Health psychology is a specialty area that focuses on how biological, social and psychological factors influence health and illness. Learn more about what health psychologists do, the training and educational requirements and the job outlook in this brief overview of careers in health psychology.
What Do Health Psychologists Do?
Health psychologists engage in many different job-related tasks. The specific type of work that a health psychologist does on a daily basis may depend on work setting or specialty area. Many health psychologists work directly in clinical settings to help individuals or groups prevent illness and promote healthy behaviors. Others conduct research on health-related issues or influence public policy on health care issues.
- Clinical Work: In clinical and medical settings, health psychologists often conduct behavioral assessments, clinical interviews and personality tests. Other tasks often involve participating in interventions with individuals or groups. Such interventions may involve educating people about stress reduction techniques, offering smoking cessation tips and teaching people how to avoid unhealthy behaviors.
- Research: Many health psychologists also conduct research on a variety of health-related issues. For example, researchers may focus such things as the causes of health problems, effective preventative measures, the best health promotion techniques, how to best help people cope with pain or illness and how to get people to seek treatment for medical conditions.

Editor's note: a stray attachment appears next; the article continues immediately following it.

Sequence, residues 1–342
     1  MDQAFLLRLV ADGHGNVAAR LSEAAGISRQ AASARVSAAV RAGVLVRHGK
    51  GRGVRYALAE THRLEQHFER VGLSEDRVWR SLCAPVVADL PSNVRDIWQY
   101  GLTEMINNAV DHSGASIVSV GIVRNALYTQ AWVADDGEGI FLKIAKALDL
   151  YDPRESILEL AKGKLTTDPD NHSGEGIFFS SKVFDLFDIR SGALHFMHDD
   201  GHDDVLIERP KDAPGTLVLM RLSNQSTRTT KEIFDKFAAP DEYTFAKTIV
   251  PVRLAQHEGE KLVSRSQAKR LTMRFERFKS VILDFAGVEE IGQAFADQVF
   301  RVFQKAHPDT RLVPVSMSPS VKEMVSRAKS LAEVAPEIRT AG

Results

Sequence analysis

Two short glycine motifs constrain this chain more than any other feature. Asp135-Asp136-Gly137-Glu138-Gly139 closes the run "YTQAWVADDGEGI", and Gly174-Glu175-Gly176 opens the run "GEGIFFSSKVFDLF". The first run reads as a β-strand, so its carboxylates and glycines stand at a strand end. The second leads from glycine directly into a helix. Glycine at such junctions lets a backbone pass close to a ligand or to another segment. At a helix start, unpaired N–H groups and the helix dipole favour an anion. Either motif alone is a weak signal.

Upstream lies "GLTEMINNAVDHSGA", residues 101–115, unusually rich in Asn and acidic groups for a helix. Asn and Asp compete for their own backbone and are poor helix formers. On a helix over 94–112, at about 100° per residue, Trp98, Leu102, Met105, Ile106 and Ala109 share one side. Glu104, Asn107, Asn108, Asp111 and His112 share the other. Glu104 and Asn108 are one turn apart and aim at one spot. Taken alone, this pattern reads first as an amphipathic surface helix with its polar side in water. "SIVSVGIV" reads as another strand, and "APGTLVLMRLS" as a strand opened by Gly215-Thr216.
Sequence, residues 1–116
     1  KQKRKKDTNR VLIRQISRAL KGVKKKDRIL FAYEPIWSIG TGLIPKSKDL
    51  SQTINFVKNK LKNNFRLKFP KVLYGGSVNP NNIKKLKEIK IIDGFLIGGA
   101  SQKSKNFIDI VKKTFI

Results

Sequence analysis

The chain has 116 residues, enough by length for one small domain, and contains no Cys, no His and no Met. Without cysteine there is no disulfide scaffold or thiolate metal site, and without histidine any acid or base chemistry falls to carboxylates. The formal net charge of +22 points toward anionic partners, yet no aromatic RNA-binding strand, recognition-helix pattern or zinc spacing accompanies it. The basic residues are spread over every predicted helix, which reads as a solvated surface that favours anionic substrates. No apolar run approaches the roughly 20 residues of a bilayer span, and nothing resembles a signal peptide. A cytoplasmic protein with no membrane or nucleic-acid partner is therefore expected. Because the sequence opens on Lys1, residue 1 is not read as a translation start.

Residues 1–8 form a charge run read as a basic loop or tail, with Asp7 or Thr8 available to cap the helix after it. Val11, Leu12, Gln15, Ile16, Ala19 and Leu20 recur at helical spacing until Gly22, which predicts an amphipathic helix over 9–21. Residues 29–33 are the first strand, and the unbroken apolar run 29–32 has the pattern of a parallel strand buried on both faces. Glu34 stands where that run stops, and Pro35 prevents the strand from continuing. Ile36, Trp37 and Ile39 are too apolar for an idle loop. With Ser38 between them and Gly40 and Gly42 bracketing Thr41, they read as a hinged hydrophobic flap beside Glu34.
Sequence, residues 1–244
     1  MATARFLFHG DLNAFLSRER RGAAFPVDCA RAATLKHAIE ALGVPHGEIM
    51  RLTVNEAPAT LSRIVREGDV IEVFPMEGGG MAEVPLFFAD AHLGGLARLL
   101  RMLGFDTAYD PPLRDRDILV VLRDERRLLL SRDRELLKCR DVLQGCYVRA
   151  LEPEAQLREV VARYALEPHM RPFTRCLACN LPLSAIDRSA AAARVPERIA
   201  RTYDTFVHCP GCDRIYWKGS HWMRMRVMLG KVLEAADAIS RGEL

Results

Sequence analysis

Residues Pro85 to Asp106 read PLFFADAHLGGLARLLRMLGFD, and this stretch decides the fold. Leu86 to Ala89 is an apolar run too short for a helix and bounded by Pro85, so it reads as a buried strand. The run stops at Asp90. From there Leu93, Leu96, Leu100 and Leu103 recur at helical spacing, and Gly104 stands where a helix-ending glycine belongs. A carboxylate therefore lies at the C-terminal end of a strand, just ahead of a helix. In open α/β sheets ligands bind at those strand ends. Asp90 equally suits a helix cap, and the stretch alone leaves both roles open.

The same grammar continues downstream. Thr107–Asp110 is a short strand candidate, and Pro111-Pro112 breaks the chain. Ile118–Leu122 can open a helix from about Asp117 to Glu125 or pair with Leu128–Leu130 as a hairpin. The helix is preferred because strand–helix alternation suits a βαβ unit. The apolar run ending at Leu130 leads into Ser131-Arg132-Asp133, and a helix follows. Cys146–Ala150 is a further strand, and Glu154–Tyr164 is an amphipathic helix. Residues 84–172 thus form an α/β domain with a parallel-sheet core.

- Public Policy Work: Some health psychologists work in government or private agency settings to influence public policy on health issues. This work might involve lobbying government agencies, addressing inequalities in health care or advising governmental bodies on health care reform.
Where Do Health Psychologists Work?
Health psychologists work in a wide variety of settings including hospitals, health care clinics, private corporations and universities. Some health psychologists work in settings that specialize in a particular area of health care such as oncology, pain management, women's health and smoking cessation programs. Other health psychologists work in government settings, often administering community health programs or influencing public policy.
How Much Do Health Psychologists Earn?
Salaries for health psychologists typically depend on a number of factors including geographic location, work setting, educational background and job experience. According to the American Psychological Association (APA), licensed psychologists working within direct human services (of which health psychology comprises 13-percent) earned an average of $80, 000 per year. Other estimates suggest that licensed health psychologists typically earn anywhere from $40, 000 (entry-level) to $85, 000 (advanced-level).
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